Wherever people go today, cell phones seem always close at hand. At a ballgame, walking down a street, sitting in the home or even, as ring tones during a homily attest, in a church. People love their cell phones.

A Pew Research Center report this year pegged cell phone ownership among adults (18 and over) at 85 percent in the United States. A marketing firm projects that soon more than half of children ages 8 to 12 will own a cell phone.

Powerful new mobile devices make possible unprecedented communication and access to information on the Internet. They are attractive to all age groups, but especially to young people. With the excitement of using shiny new gadgets comes the potential for abuse. {{more}}

Parents need good information on how to keep their children and teenagers safe as they use technology through cell phone calls, text messages, email, social media web sites and other communications.

Young people who participate in Catholic-sponsored activities rely on pastors, parish and school staff and volunteers to know the potential benefits and dangers of technology so the adults can give wise guidance and be trusted to maintain appropriate contact.

For this reason the Archdiocese of Philadelphia announced last week a plan to strengthen its program of technology training for all Church personnel and volunteers who work with young people. The Archdiocese’s Standards of Ministerial Behavior, which details acceptable behavior, was updated with new standards for information and communication technology. Both the full Standards document (bit.ly/AOPministerialstandards) and its new addendum (bit.ly/AOPstandardstechaddendum) are available on the web site of the Archdiocese.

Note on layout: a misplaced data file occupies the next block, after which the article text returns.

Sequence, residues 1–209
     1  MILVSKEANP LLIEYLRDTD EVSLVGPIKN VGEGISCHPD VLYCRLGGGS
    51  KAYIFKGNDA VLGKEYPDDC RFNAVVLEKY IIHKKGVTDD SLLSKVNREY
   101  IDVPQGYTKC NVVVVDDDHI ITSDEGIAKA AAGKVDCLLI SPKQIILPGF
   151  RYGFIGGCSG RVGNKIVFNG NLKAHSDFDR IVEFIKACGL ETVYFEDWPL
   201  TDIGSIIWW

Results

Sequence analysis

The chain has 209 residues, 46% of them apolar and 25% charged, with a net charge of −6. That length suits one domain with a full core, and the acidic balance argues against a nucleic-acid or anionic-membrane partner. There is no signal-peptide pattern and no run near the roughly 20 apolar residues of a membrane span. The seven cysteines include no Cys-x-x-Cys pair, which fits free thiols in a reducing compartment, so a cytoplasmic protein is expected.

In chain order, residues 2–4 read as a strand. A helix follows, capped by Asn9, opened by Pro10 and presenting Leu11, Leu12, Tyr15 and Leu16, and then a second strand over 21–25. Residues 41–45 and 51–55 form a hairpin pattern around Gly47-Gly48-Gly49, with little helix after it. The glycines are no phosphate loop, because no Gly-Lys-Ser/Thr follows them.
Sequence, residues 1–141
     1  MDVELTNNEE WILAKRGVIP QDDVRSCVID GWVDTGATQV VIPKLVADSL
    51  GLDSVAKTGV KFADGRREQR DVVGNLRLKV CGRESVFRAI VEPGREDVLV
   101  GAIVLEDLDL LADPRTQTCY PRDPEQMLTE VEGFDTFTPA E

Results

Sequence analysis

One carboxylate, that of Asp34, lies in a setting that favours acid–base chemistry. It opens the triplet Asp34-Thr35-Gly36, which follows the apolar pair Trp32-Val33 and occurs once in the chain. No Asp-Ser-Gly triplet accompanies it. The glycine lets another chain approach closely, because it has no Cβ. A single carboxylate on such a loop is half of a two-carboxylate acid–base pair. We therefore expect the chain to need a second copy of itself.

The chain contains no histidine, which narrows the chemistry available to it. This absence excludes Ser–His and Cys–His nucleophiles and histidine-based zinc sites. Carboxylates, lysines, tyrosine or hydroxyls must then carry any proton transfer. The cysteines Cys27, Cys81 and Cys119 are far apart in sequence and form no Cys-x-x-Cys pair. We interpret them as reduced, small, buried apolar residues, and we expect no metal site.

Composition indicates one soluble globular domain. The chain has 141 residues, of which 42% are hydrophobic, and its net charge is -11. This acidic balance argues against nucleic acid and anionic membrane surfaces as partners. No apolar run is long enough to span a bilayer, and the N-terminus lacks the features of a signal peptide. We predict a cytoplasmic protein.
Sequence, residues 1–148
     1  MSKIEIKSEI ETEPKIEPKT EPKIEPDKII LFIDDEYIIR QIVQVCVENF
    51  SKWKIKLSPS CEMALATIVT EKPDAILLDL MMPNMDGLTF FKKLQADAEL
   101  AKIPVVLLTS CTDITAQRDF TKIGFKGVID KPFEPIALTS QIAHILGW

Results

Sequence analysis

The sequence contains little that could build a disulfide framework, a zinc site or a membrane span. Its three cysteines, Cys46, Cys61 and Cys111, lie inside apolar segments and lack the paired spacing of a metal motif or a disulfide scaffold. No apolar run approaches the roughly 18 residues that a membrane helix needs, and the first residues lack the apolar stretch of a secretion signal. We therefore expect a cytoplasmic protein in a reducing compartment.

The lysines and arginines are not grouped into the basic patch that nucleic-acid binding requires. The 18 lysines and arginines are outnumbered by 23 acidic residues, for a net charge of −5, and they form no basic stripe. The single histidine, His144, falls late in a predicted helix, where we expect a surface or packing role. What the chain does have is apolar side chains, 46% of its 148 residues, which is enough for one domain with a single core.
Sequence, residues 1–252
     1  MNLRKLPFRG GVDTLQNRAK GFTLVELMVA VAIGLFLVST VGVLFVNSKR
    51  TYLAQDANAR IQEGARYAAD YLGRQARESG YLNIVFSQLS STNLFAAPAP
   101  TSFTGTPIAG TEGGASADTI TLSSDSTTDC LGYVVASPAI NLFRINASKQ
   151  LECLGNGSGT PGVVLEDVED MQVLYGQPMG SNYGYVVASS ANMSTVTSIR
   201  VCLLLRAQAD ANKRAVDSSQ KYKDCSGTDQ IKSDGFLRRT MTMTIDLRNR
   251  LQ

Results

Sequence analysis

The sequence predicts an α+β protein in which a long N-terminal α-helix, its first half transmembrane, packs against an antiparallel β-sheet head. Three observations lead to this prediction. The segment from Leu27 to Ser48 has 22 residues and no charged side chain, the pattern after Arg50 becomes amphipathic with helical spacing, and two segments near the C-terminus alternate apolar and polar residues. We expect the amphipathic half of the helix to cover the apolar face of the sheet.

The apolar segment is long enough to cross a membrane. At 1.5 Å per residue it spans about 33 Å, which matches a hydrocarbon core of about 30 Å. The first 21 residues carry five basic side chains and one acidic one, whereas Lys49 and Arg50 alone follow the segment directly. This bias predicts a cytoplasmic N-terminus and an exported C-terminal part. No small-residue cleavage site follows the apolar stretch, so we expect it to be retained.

All priests, deacons, staff and volunteers who come into contact with children currently must acknowledge they have read and abide by the Standards document. Before June 30, they must also complete a 15-minute online training for the technology addendum.

Adults working in the Church will learn about appropriate interaction with minors using technology. Even people not working with children directly can become more aware of inappropriate behavior by adults.

The addendum to the Standards of Ministerial Behavior represents a new way to strengthen the Archdiocese’s policies to safeguard children.

It helps the Church, and the wider society, protect children as they use the emerging comunication tools of our age to explore our increasingly complex world.